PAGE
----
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Download outside image of The Royal Room (photo credit: Daniel Sheehan)

Download interior image of The Royal Room (photo credit: Sarah Barrick)

Download interior image of The Royal Room (photo credit: Sarah Barrick)

Download interior image of The Royal Room (photo credit: Sarah Barrick)

Download interior image of The Royal Room (photo credit: Sarah Barrick)

Wayne Horvitz Explains The Royal Room


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"As the opening to the Royal Room approached, I realized that there were some fundamental questions that various members of the community and the press would be asking. In an attempt to appear vaguely articulate, and consistent, I asked our office manager and booking assistant, Maren Wenzel, to ask me some questions and write down my responses."

So why a club with no cover charge?

First, let me say very clearly, that I think musicians should get paid for their work. Furthermore, I don't propose that the model for this venue is the right model for venues in general. I see what the Royal Room is doing as serving a very specific need that compliments the already existing venues in Seattle, many of which I am very fond of.

The no cover charge policy Thursdays through Mondays doesn't serve a touring act, or even an established local act that can pull in a large paying crowd of fans in one of the many excellent clubs here in Seattle. What we want to do is A) support local musicians, B) make an aggressive effort to document and archive everything that happens there and C) to provide a user-friendly context for artists to present and develop new work, collaborations and more.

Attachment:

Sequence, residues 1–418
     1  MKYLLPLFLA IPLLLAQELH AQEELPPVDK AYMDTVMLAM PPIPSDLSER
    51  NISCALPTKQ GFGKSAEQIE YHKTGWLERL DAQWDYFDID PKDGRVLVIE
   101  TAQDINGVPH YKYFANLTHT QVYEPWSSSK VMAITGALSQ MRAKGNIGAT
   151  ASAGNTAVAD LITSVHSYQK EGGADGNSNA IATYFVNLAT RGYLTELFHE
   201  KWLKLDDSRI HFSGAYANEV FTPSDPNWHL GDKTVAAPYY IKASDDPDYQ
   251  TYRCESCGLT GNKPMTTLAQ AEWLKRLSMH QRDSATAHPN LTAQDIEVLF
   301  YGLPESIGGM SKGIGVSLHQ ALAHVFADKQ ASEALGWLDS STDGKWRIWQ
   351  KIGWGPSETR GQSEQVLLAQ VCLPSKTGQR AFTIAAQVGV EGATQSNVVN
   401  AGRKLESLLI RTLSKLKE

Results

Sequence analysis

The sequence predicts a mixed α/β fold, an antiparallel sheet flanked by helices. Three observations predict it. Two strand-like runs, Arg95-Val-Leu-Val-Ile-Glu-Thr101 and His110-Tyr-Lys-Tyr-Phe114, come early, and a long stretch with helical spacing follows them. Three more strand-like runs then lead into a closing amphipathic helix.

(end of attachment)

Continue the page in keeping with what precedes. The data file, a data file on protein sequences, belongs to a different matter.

Finally, I'm hoping that people who wouldn't otherwise be exposed to certain kinds of music come in to check things out. On one level we want this to be a kind of "neighborhood joint". We also want to attract the curious but unconvinced.

Is there ever going to be a cover charge?

Yes. We've reserved Tuesday and Wednesdays for national acts, touring acts and other established acts. In general we hope a lot of our business will be from the neighborhood, the community at large and a lot of regulars. Remember, most nights we will be having normal restaurant and bar hours and music won't even begin until the middle of the evening.

The approach to Tuesday and Wednesday will be different. Shows will be ticketed, the people who want to eat at the restaurant will be people who are also coming to the show and the shows will be early. I always like how in Tokyo, for example, people came straight from work to shows that started at 7 or 7:30 and were able to get home at a decent hour for a weeknight.

The logic for us as a business is that Tuesday and Wednesday will probably be relatively slow nights anyway for the bar and restaurant. People keep asking "Yeah, but what if you get a great offer from a band that can only play on a Friday night?" Well, the answer is our main mission is to create another model and so be it.

Why Columbia City?

First place, I've always lived in the south end. When Robin [Holcomb] and I moved to Seattle in '89 we picked this part of town kind of randomly. Partly because we had friends here, partly because the price was right, and most importantly because it was near the airport. So I've been thrilled to see all the great stuff that has been happening in Columbia City, and Steve and Tia now live in the neighborhood as well.